In the private sector, we see some companies trying to build programs of diversity and inclusion but they are only a few that have the courage to include us in the debate. A lot of small companies still have the fear of losing public credibility but supporting some causes.


If we look at gender affirming surgery, the access on private health care is very expensive but it exists. In the public health system there are only 5 hospitals in the entire country that do this surgery and the waiting list can be up to 15 years, some trans people use all their savings and go into debt to be able to do the surgery in the private sector.



What do you hope/see in the future for the trans community in Brazil?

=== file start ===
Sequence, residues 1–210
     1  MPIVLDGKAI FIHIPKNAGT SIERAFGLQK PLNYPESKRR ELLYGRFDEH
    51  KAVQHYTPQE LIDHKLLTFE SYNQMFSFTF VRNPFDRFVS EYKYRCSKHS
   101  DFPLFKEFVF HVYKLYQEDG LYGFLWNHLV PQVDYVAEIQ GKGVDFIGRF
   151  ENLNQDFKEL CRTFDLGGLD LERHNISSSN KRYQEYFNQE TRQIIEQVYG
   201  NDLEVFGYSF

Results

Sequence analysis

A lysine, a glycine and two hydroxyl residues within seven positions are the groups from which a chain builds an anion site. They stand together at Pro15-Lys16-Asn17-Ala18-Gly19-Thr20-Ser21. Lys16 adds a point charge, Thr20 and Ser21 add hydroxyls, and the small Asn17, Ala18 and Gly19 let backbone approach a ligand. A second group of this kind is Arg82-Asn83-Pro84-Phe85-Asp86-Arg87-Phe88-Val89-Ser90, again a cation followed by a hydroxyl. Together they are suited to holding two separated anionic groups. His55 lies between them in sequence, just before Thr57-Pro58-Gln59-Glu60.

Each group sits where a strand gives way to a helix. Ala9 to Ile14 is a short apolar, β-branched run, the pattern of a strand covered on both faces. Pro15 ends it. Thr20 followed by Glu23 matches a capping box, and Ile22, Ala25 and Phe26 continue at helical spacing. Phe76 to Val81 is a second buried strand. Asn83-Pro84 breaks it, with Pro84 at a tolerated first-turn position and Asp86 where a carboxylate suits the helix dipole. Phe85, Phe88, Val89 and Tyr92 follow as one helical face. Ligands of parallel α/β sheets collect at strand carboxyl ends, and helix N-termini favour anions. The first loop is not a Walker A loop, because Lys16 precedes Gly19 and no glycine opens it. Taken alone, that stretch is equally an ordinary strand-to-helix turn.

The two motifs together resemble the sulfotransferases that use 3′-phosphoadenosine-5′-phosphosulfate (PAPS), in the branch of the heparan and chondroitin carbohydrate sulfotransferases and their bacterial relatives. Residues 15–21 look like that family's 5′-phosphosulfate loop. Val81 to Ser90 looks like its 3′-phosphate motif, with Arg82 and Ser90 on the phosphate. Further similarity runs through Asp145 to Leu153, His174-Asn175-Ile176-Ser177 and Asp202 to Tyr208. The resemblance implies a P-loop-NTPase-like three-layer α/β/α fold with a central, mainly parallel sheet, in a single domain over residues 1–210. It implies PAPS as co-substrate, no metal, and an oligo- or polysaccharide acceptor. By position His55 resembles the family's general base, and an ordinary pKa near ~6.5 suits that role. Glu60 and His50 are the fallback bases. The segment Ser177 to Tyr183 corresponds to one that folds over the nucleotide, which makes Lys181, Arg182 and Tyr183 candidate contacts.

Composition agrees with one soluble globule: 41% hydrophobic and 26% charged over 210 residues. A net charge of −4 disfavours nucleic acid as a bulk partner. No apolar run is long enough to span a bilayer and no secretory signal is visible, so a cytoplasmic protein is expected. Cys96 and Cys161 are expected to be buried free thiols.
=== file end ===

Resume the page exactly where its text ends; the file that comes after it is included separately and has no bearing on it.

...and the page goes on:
Some companies are already stepping up to recognise the importance of inclusion but there are still too few. I hope that more companies understand the importance of having us in the workplace, not only to include us but also to expand the experience of their employees, turning them into people that advocate for change.


With regards to the political situation, it's hard to say what the future will be. Right now, the people in power are not interested at all about our needs, but we have an election coming up and what I see in my future will depend on the out of this election. If the current government is re-elected this year, I do not see a bright future for us. Let's hope for the best outcome.



Recent Posts

See All

We are thrilled that V Wilkes, a friend of The Centre, was kind enough to take some time out of their busy schedule to answer some questions. Can we start at the beginning? What exactly does “non-bina